I fully support the airlines position, what the general public are unaware of is cabin crew are provided primarily as safety officers to ensure passenger health and safety is provided throughout the flight including emergency situations. Cabin crew fitness is essential especially when conducting an emergency evacuation of the cabin, a prime example would be the recent BA 777 on fire at Las Vegas just before take-off. All airlines should have this policy in fact it should be recommended to ICAO who set the recommended standards of conformance for contracting the states.
    Franky
    18th Sep 2015
    12:43pm
    Have to agree with Air India on this one!
    Franky
    18th Sep 2015
    12:43pm
    Have to agree with Air India on this one!
    Anonymous
    21st Sep 2015
    9:12am
    Agree with Air India, has anyone tried squeezing past an overweight attendant pushing a trolley down the aisle of a plane when you want to go to the toilet?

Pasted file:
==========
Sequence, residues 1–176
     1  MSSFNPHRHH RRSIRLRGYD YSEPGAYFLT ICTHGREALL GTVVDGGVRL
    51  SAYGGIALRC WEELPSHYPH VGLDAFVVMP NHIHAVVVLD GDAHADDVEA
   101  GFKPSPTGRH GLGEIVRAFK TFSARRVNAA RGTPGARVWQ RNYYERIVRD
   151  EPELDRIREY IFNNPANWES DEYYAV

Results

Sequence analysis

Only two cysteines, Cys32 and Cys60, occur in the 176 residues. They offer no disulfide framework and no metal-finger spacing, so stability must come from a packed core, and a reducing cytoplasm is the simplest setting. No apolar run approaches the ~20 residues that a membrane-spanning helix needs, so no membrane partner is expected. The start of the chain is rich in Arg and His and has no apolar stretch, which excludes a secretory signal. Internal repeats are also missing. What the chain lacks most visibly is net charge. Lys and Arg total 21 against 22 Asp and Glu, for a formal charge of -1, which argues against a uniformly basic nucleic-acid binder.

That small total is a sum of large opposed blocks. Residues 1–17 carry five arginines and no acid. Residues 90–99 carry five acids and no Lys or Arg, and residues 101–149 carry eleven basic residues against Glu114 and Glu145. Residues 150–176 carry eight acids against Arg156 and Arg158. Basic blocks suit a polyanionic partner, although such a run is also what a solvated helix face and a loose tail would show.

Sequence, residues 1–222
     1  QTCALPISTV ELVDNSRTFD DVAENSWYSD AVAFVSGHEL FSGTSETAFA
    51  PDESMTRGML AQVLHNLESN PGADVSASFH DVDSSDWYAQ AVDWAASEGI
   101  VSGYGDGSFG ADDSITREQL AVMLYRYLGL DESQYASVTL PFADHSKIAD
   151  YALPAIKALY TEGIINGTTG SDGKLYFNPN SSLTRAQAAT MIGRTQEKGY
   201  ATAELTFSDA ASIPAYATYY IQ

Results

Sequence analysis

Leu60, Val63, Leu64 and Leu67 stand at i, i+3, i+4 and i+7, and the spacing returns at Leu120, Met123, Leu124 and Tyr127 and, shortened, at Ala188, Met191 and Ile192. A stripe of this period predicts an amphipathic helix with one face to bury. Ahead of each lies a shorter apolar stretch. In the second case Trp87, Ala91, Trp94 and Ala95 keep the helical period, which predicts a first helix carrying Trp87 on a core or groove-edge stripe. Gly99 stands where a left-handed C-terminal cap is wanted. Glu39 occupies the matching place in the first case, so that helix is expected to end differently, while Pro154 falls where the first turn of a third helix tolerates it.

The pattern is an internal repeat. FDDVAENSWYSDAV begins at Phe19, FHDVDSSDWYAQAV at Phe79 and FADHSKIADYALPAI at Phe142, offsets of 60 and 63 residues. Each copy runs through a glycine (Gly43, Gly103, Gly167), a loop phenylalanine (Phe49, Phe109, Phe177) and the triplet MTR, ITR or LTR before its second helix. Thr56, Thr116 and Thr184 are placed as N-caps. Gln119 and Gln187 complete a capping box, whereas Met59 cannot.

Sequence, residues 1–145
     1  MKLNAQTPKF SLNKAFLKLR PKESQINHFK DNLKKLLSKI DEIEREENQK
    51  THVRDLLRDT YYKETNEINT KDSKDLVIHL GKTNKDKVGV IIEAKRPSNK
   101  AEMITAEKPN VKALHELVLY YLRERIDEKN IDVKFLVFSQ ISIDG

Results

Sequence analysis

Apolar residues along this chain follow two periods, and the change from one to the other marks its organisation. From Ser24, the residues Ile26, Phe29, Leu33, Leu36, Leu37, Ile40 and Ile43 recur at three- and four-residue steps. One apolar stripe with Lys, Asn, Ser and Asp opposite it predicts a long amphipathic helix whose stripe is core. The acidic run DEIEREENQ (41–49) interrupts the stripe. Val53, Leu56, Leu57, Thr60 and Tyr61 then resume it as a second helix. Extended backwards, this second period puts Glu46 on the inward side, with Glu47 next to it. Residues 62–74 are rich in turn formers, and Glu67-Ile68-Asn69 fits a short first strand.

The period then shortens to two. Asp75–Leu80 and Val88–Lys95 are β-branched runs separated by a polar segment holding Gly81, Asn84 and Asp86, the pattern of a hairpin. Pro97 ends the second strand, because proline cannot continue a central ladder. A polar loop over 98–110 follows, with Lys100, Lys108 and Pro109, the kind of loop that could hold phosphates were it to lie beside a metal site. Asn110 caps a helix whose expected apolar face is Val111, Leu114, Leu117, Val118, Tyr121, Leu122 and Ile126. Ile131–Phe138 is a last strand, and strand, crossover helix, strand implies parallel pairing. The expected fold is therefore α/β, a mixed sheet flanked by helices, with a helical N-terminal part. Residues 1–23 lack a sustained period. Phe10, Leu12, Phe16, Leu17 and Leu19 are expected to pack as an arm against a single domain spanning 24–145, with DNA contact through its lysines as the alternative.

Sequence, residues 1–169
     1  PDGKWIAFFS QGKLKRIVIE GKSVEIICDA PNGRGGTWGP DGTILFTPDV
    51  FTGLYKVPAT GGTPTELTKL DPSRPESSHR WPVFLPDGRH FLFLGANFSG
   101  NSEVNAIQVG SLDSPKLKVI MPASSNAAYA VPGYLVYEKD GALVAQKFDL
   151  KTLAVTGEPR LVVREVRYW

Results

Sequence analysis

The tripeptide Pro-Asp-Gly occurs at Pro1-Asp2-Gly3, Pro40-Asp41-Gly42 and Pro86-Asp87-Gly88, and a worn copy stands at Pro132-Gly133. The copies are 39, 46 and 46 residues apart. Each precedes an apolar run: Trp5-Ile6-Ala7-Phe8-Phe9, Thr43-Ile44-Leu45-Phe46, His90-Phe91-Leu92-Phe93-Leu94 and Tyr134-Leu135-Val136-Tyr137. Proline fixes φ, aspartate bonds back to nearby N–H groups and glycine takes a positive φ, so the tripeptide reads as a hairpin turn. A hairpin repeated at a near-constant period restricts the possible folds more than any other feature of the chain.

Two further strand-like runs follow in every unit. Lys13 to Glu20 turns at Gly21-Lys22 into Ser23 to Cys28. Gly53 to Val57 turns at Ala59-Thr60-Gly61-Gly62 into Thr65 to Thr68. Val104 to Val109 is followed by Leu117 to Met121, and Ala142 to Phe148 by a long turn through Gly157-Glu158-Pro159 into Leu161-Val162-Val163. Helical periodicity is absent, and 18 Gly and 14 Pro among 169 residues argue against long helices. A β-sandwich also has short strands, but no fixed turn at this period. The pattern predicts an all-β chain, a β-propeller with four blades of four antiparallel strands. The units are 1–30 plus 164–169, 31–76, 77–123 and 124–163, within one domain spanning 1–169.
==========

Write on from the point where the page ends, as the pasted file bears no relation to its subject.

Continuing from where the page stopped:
Have a problem too with overweight policemen/women.
    BB1
    22nd Sep 2015
    11:36am
    According to the TV last night it is not the Flight attendants who are too fat to fly, it is us the "normal" people. They work out the weight for each of us at about 70kilos whereas the average is about 75kilos or something like that.
    I know I am no where near either of the weights. It is about time the Airlines get real in working out the 'average' weight.

    26th Jan 2017
    11:47am
    I agree with the airlines on this one.
    Alan
    21st Apr 2018
    12:32pm
    BMI while a good indicator of being overweight it does not consider the distribution between fat which is light and muscle which is comparatively heavy. I have a BMI slightly above 25 but I am not overweight as I undertake regular intensive exercise (six days a week) at my local gym, work in my rather large garden and in the past few years being able to reach the summit of Kilimanjaro (almost 6,000 metres) and Everest Base Camp and some of the surrounding hills (5,600 metres or thereabouts. I am in my late sixties so pure BMI can be a poor indicator of being overweight.